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In this section I review some basic notions on inversion.
The least-squares criterion comes directly from the hypothesis
that the PDF of each observable data and each model parameter is gaussian.
These assumptions lead to the general discrete inverse problem
Tarantola (1987). Finding **m** is then equivalent to minimizing
the quadratic function (or cost/objective function)
| |
(14) |

where ()' represents the (Hermitian) transpose, is a mapping of the data
(unknown of the inverse problem), a seismic (linear) operator,
the seismic data, and the data and model
covariance operators and a model given a priori.
The covariance matrix combines experimental errors and modeling
uncertainties. Modeling uncertainties describe the difference between what
the operator can predict and what is contained in the data.
Thus the covariance matrix is often called the noise covariance matrix Sacchi and Ulrych (1995).
It is often assumed that, (1) the variances of the model and of the noise
are uniform, (2) the covariance matrices are diagonal, i.e., the model
and data components are uncorrelated, and (3) no prior model is known
in advance. Given these approximations the objective function becomes

| |
(15) |

where is a function of the
of the noise and model variances and .
The model perturbation reduces to a damping of the cost
function. In practice, this damping is used to compensate for numerical
instabilities when the parameters (**m**) are poorly constrained.
The prior assumptions leading to equation () are often too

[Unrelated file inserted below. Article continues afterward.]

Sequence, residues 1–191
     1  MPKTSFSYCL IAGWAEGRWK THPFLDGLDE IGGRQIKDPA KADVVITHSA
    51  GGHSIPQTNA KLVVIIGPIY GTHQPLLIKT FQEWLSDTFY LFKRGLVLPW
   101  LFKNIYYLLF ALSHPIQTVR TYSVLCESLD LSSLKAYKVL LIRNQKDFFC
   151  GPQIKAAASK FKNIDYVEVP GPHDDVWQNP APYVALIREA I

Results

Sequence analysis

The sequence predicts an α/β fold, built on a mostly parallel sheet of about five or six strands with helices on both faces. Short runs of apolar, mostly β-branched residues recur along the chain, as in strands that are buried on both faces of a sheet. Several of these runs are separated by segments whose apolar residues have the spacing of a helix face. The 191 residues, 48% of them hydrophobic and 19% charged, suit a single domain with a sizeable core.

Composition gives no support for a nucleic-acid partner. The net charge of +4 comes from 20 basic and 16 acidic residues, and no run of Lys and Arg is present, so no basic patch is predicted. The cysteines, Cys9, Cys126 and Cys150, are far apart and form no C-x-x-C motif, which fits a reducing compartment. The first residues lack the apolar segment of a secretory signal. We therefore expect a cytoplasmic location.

strong when dealing with seismic data because the variance
of the noise/model may be not uniform and the components of the
noise/model not independent. For simplicity I rewrite
the objective function in equation () in terms of
``fitting goals'' for **m** as follows:

| |
(16) |

where is the vector of data residuals and
is the vector of model residuals.
With this notation, it is straightforward to rewrite equation
() as
| |
(17) |

The first equality in equation () stresses the need for **Lm**
to fit the input data . The second equality is often called
the regularization or ``model styling'' term. This term can be useful
for imposing a-priori knowledge on the model parameters
Clapp et al. (2004); Fomel and Claerbout (2003).
When the assumptions leading to equation () are
respected, the estimated model that minimizes
equation () is the maximum likelihood model Tarantola (1987).
As stressed before, an important assumption made in equation
() is that the data and
model errors and are IID. In the situation
where coherent noise contaminates the data, these assumptions
are violated and the covariance operators cannot be approximated with
diagonal operators anymore.

In this Chapter, omitting the model residual vector in the analysis,
I show that a filtering (or weighting) operator can be
introduced in equation () such that
. This operator can take the form of
a prediction-error filter or a projection filter.

** Next:** Proposed solutions to attenuate
** Up:** Noise attenuation by filtering
** Previous:** Introduction
Stanford Exploration Project

5/5/2005